• The Timberwolves have only advanced past the first round of the playoffs once in franchise history. How will they handle the pressure of being considered a title contender? ESPN’s Brian Windhorst explores that topic, writing that Karl-Anthony Towns‘ willingness to adjust his game has paid dividends thus far in 2023/24. “The winning helps. It’s good when you’re able to sacrifice to see the result you wanted and share the success,” Towns said. “We’re all making this happen. This is not just a singular effort. This is a team coming together and saying ‘We really want to do something special.’
  • Already an impressive defender in year two, Nuggets forward Peyton Watson says he’s looking to expand his game on the other end of the court, according to Harrison Wind of DNVR Sports. Watson has been taking far more mid-range shots lately, an area he’s comfortable in. “Coming in as a young player and trying to make a name for yourself and get a spot in the rotation, you’re not just coming in shooting of the dribble jumpers,” Watson told DNVR. “That’s not analytically the best shot, especially if you’re someone just coming in and trying to create his role. Now that I’ve created my role and people know what I’m going to do on the defensive end, it’s just been more about me expanding my game offensively, seeing what works, trial and error, and getting ready for when it counts in the playoffs.”

Eastern Notes: Simmons, Wizards, Pistons, Russell, Hawks

After recording 10 points, eight rebounds and 11 assists with no turnovers in 18 minutes during Monday’s win vs. Utah, former No. 1 overall pick Ben Simmons appeared to tweak his left knee due to an awkward landing after blocking Talen Horton-Tucker‘s shot (video link).

The Nets swingman subsequently underwent an MRI after experiencing swelling, but it revealed no structural damage, reports Shams Charania of The Athletic (via Twitter).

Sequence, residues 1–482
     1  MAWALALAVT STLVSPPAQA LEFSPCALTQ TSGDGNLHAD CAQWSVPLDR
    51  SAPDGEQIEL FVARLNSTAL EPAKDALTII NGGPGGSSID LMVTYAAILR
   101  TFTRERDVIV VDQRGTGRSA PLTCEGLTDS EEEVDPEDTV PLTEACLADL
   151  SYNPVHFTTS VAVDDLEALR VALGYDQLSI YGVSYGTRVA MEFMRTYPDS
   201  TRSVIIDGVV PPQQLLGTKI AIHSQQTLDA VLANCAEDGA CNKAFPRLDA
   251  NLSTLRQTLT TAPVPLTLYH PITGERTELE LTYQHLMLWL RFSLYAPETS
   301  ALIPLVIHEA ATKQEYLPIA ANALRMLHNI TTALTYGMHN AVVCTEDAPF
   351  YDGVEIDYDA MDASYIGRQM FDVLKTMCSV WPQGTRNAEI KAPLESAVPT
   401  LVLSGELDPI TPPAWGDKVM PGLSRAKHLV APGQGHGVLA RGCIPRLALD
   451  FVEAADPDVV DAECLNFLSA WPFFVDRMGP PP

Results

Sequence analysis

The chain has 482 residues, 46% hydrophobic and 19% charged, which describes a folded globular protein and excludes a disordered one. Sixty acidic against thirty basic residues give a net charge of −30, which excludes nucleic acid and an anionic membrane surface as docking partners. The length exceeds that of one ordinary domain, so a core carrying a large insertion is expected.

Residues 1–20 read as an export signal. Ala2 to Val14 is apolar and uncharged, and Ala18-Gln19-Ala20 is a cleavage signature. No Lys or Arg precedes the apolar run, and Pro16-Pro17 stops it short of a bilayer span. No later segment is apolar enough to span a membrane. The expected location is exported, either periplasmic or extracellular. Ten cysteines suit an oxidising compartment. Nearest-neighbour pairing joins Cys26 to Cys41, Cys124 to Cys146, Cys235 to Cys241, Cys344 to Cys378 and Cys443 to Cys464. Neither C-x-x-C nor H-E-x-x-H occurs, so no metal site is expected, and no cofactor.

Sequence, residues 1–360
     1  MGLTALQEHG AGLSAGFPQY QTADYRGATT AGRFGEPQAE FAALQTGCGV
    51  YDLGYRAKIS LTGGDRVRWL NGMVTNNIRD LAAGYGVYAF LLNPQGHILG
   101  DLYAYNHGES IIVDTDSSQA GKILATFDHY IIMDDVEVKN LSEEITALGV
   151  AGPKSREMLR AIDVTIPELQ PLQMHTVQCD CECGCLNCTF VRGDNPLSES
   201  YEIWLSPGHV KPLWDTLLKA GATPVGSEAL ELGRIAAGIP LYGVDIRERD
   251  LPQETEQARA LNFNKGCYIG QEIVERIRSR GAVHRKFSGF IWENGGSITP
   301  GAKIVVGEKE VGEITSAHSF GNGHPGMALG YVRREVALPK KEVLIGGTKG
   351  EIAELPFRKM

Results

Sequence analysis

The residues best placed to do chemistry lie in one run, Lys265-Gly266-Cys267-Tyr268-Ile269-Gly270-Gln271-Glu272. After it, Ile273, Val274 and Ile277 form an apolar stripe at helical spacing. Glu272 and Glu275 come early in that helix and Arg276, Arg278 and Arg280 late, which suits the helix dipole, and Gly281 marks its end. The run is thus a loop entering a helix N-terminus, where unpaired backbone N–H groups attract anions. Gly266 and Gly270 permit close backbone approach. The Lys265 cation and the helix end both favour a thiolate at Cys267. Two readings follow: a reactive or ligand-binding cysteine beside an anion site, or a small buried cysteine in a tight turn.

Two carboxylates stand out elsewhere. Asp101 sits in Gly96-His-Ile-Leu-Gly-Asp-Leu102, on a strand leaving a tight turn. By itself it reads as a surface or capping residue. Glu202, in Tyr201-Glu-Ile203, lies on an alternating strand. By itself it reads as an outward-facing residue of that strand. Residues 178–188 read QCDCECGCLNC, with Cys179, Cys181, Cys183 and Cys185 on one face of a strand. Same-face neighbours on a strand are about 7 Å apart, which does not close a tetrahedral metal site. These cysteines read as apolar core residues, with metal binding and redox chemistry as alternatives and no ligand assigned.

Simmons is out for Wednesday’s contest against Phoenix with a left knee contusion and is considered day-to-day, according to head coach Jacque Vaughn (Twitter link via ESPN’s Tim Bontemps). Simmons’ agent, Bernard Lee, said there’s hope that it will be a one-game absence, since Brooklyn doesn’t play again until Saturday vs. Philly, giving the 27-year-old more time to recover (Twitter link).

Here’s more from the East:

  • As has been previously reported, the Wizards are focused on securing first-round draft picks — preferably in drafts beyond 2024 — as they take calls on veterans, according to David Aldridge and Josh Robbins of The Athletic, who take a look at the possible return value of nine different players on the roster. League sources tell The Athletic’s duo that the Wizards are looking for two first-rounders for Kyle Kuzma, though the writers have gotten some push back on that from sources within the team, who said the reported asking price is “somewhat overblown.”
  • While Bojan Bogdanovic has popped up in plenty of trade rumors the past couple years, James L. Edwards III of The Athletic isn’t convinced the Croatian veteran will be moved prior to the February 8 deadline. Edwards hears the Pistons are willing to take calls on Bogdanovic and Alec Burks, but they aren’t actively shopping two of their best floor spacers. Edwards also covers other topics in his mailbag, including what he thinks of Detroit making a run at possible targets like Zach LaVine (he argues against it).
  • In Tuesday’s matchup with the Lakers, Hawks fans taunted D’Angelo Russell with “We don’t want you!” chants, per Broderick Turner of The Los Angeles Times. Russell has been linked to Atlanta as part of L.A.’s interest in Dejounte Murray, who badly outplayed Russell en route to a Hawks win. It has been reported that Atlanta doesn’t have interest in Russell and would want to flip him to a third team in a potential deal.

Northwest Notes: Lillard, Brogdon, NAW, Micic, Jokic

Bucks guard Damian Lillard expects to have a positive reception from fans when he plays in Portland on Wednesday for the first time as a visitor, writes Aaron Fentress of The Oregonian (subscriber link). The longtime Trail Blazers star is the franchise’s all-time leading scorer, spending his first 11 NBA seasons with the club.

I think it will be emotional because I care,” Lillard said. “I loved playing in Portland. I loved living there and still live there. I’m not like a big crier. I don’t think I’ll be crying, and all of that. But I care. Everything I ever said about my time in Portland playing there, I meant that s–t. So, yeah, it will be.”

Lillard requested a trade last summer when he felt like he and the Blazers were moving in different directions. The 33-year-old wanted a chance to compete for championships. Milwaukee (32-15, second in the East) and Portland (14-33, 14th in the West) are at opposite ends of the standings thus far in 2023/24.